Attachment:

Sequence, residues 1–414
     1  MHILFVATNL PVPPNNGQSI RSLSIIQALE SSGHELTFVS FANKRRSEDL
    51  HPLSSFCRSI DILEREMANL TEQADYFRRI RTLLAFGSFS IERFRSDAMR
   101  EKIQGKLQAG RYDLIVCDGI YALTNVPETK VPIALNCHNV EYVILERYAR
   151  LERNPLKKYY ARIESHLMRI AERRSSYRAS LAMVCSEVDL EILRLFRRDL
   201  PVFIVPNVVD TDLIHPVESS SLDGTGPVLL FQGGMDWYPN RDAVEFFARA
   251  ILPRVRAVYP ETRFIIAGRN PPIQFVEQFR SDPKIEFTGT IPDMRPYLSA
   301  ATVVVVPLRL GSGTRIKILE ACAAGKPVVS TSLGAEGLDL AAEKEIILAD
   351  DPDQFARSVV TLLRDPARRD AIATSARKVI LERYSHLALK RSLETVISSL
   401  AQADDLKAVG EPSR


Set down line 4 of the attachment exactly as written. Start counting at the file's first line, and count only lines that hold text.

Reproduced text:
   101  EKIQGKLQAG RYDLIVCDGI YALTNVPETK VPIALNCHNV EYVILERYAR